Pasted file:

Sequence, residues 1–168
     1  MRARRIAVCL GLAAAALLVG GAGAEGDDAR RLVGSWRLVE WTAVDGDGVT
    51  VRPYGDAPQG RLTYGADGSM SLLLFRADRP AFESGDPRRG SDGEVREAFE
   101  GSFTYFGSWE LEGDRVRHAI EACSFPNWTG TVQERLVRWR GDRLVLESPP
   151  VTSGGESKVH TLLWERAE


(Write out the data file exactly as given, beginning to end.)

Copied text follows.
Sequence, residues 1–168
     1  MRARRIAVCL GLAAAALLVG GAGAEGDDAR RLVGSWRLVE WTAVDGDGVT
    51  VRPYGDAPQG RLTYGADGSM SLLLFRADRP AFESGDPRRG SDGEVREAFE
   101  GSFTYFGSWE LEGDRVRHAI EACSFPNWTG TVQERLVRWR GDRLVLESPP
   151  VTSGGESKVH TLLWERAE